I’m really into the new Anika record, which is tailor-made for insomniacs. However, I’m certain that a woman with a Teutonic monotone snarling her way through catatonia as producer Geoff Barrow quotes post-punk’s buzzsaw guitar noise holds limited appeal. I always welcome a new Gorillaz album, and Plastic Beach certainly delivered. Among others, I liked new efforts from Baths, El Guincho, Noveller, M.I.A., Grass Widow, Sharon Van Etten, Soft Healer, Beach House, Mountain Man, The Black Keys, Cee-Lo Green, Tobacco, Sky Larkin, Tame Impala, Ted Leo and the Pharmacists, Nite Jewel, Deerhunter, Vampire Weekend, Warpaint, Antony and the Johnsons, The Budos Band, and Sharon Jones and the Dap Kings, even if the last two artists essentially release the same great album each time out. And even though I get a free cocktail if Merge wins the Album of the Year Grammy, Matador had a good year for me with Glasser, Esben and the Witch, and Perfume Genius, whose harrowing confessionals will hopefully find a larger audience (Sufjan fans, listen up).
(Note: don’t get me started on the Arcade Fire. I’m going to be mean and unfair, as I’ve been since I gave up on liking Funeral. Suffice it to say, I’m not fond of them and think I can tell you more about living in a Houston suburb than they can. But it won’t be a productive conversation because I’ll tear up my throat launching cheap shots about dressing for the Dust Bowl and wearing denim jackets to prove that you’re one with the working man. It’s not helpful, so I’ll be kind and say they’re fine at what they do but I want no part of it.)
Part of why I can’t settle on a #1 is because I don’t think it matters. I don’t think I need an album to define the year for me. It’s always seemed that selecting one was a fool’s errand. Steve Albini may very well be an insufferable jerk, but he’s absolutely right when he said “Clip your year-end column and put it away for 10 years. See if you don’t feel like an idiot when you reread it.” Last year, I chose Neko Case’s Middle Cyclone. While it helped situate my feelings for the year, it can’t hold a candle to her modern classic Fox Confessor Brings the Flood. But now I’m not even sure what the point is. This exercise doesn’t take into account all of the older music I finally prioritized this year. For me, 2010 is just as much defined by digging through Cocteau Twins and Throwing Muses records (4AD had a good year in all kinds of ways), as well as getting excited about Mary Timony, Jenny Toomey, and Carla Bozulich.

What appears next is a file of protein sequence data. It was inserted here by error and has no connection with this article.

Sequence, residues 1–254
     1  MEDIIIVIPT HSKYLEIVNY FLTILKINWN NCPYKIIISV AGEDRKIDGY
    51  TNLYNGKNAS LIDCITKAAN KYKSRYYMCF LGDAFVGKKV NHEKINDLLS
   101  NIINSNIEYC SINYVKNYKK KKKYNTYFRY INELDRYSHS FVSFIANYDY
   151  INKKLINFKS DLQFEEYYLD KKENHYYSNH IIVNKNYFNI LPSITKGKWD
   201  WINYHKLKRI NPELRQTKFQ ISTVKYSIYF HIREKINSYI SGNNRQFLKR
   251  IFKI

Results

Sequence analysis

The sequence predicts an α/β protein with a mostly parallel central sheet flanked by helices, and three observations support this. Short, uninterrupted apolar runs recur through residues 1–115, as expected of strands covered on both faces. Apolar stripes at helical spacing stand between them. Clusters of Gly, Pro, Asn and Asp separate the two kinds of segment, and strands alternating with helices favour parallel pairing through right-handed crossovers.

Furthermore, I’ve sometimes lost sight of why I write in this medium. Apart from being vulnerable to having my content scraped by sketchy sites and feeling like I should be doing something more politically important with my time, it can be a challenge to keep the routine of blogging from dulling the impact of your work. This may have more to do with a need to explore scarier forms of writing, like the kind that requires the involvement of a guitar or a storyboard. As a departure, I started a film blog series for Bitch last month. It’s been the right kind of challenging, though I’m not always certain I’m effectively communicating what I hope to accomplish. Music allows for abstraction where films require exposition, which sometimes makes me feel like I’m writing several variations on “I walked to the chair and sat down.” But I’m learning and it’s been a lot of fun.
I’ve also been fortunate this year to contribute content for Bitch, Tom Tom Magazine, Elevate Difference, I Fry Mine in Butter, and Scratched Vinyl, for which I’m grateful and hope I’ve done a service to those publications. In addition to music critics I love like Laina Dawes, Maura Johnston, and Audra Schroeder, I’m excited and challenged by writing from Amy Andronicus, Always More to Hear, Soul Ponies, Jenny Woolworth, Sadie Magazine, Women in Electronic Music, This Recording, and regularly follow podcasts like Cease to Exist and Off Chances.
I don’t mean to be self-effacing toward my efforts, as I’m proud of them. It’s been a good year and it’s healthy to be critical when you’re taking stock. Perhaps I’m responding to a lack of stability. This was a year of change. Some changes were seismic, like when several friends had babies. Others were gradual, like my partner launching a successful music e-zine and me delving into the world of freelance writing in earnest while taking a deep breath and learning to play the guitar. While some friends returned to Austin, others moved away this year and more are soon to follow in 2011. There’s even an infinitesimal chance I’ll be in that number, but the likelihood of uprooting and leaving the food carts and backyard parties of my adopted home is so small and too profound to consider, so I push it away.